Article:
Next, a sorted variable set Qs with a minimum f function value is extracted from the OPEN set in step 302 and it is determined, in step 303, whether the h function of Qs is 0, i.e., whether a path to the target node has been found. If it is zero, the candidate causal sequence corresponding to the minimum value of the f function is returned as the optimal causal sequence; otherwise, the method goes to step 304. At an initial operation, the OPEN set does not contain any sorted variable sets and the method will also proceed to step 304 to generate a new sorted variable set.

In step 304, a new sorted causal sequence set Qs' and a candidate causal sequence ΠQ′s=[Qs,v] are generated for each observed variable v∈V\Qs and the corresponding f(Qs′) is learned.


ƒ(Q′s)=g(Q′s)+h(Q′s)=g(Qs)+h(Qs)+MScore(v|Qs)−MScore(v|V\{v})  Equation (17)

For the initial operation, the Qs is empty, a new sorted causal set and a corresponding candidate causal sequence can be generated for each observed variable v, and the corresponding f(Qs′) is learned.

Afterwards, in step 305, the generated candidate causal sequence is added into the OPEN set to update the OPEN set, i.e.:


OPEN={(Qs′,ƒ(Qs′),ΠQ′s=[Qs,v]}

Next in step 306, the previously extracted Qs with a minimum f function value is transferred to the CLOSE set from the OPEN set, i.e., deleting Qs and its related information from the OPEN set and adding them into the CLOSE set. Then, the method jumps to 302 to continue the execution.

The operations of steps 301 to 305 can be executed repetitively until a sorted variable set with h function value of 0 is found and the corresponding candidate causal sequence is returned as the optimal causal sequence.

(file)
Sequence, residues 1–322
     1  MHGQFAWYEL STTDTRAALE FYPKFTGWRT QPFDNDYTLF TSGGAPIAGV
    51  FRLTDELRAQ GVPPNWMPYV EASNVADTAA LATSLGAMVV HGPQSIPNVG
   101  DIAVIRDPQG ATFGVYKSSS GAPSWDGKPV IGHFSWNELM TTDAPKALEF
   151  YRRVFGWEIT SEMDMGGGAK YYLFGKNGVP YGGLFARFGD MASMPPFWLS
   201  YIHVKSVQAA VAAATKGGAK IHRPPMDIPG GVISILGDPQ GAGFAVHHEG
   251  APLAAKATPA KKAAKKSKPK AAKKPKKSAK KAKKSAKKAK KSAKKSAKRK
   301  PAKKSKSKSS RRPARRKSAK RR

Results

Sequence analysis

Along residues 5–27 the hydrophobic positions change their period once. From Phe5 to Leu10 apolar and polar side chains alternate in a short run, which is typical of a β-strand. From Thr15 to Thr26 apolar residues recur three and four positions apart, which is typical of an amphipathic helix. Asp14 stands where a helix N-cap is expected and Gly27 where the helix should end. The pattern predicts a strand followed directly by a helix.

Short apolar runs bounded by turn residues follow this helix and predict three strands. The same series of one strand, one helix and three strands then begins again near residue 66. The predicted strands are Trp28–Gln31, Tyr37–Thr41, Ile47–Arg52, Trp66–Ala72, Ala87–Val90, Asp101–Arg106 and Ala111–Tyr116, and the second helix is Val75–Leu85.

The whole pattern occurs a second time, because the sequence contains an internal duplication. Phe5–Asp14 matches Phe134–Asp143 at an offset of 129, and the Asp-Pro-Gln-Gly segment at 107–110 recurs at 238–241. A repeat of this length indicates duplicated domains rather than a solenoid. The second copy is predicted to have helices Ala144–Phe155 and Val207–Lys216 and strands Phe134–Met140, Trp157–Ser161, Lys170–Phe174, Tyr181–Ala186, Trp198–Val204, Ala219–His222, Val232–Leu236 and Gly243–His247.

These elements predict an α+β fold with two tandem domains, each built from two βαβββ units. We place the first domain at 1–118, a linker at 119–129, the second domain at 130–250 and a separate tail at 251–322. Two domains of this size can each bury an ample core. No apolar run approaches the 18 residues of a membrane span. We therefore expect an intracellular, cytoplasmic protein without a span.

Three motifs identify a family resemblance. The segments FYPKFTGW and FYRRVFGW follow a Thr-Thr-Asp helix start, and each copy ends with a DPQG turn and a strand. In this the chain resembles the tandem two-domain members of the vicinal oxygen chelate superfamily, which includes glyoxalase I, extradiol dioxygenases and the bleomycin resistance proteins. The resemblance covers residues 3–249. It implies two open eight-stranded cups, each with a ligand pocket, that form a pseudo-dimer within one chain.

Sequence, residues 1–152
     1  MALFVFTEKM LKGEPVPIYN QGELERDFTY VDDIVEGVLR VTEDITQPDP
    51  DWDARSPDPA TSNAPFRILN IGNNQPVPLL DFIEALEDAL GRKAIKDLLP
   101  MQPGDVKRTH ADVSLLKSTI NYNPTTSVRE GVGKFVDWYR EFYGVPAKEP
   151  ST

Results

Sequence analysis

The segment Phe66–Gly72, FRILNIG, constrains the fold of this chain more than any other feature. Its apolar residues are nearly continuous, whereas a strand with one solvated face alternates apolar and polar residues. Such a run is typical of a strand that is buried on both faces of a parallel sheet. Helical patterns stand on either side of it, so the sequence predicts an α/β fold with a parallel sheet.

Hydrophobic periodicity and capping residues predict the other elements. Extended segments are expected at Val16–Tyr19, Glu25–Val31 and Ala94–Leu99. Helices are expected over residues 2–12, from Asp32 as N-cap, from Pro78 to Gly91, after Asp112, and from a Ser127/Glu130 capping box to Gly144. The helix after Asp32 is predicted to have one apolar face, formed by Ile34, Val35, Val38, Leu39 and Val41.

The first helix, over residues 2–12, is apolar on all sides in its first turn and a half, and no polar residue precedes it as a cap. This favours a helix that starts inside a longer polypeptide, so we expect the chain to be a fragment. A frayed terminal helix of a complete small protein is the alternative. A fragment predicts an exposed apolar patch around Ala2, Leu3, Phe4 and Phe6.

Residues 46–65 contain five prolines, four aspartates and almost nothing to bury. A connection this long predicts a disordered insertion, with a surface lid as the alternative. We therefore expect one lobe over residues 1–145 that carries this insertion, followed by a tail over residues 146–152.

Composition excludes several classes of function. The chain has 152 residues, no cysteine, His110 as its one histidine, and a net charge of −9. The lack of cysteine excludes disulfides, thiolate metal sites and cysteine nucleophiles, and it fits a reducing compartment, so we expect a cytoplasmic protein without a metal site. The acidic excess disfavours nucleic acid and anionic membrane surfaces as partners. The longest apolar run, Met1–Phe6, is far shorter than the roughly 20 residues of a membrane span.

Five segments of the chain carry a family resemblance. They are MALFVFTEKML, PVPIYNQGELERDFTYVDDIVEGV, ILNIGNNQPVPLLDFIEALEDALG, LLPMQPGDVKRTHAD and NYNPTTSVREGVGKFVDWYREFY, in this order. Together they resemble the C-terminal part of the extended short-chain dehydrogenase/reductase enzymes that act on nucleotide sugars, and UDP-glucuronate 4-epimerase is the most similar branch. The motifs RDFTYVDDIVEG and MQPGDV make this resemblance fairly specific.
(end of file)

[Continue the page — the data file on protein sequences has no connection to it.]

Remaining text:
For illustrative purposes, three observed variables are taken as examples for simple explanation. However, it should be noted that the dimension of the observed variables will be much higher in the actual practice. For three observed variable sets {v1}, {v2} and {v3}, the OPEN set is empty at the initial operation, new sorted observed variable sets {v1}, {v2} and {v3} are generated respectively for each of the observed variables v1, v2 and v3, corresponding candidate causal sequences are obtained and corresponding f(Qs′) s are learned. The generated candidate causal sequences will be placed in the OPEN set. At the second operation, a sorted variable set with a minimum f function value, for example {v2}, is found from the three variable sets, and the h function value of {v2} is then determined. At this moment, the h function value is non-zero. Therefore, two sorted sets, such as {v1, v2} and {v2, v3}, corresponding candidate causal sequences v2, v1 and v2, v3 and corresponding f(Qs′)s are generated subsequently. Afterwards, {v2} and its related information are deleted from the OPEN set and placed into the CLOSE set. At the third operation, a sequence with a minimum f function value, for example {v2, v3}, is selected from the OPEN set; a sorted sequence {v1, v2, v3}, corresponding candidate causal sequence v2, v3, V1 and corresponding f(Qs′) are further generated; and {v2, v3} and its related information are transferred from the OPEN set to the CLOSE set. At the fourth operation, a sequence with a minimum f function value, such as {v1, v2, v3} this time, is selected, and its h function value is zero. Hence, the corresponding candidate causal sequence v2, v3, v1 can be returned as the optimal causal sequence, so as to complete the searching process.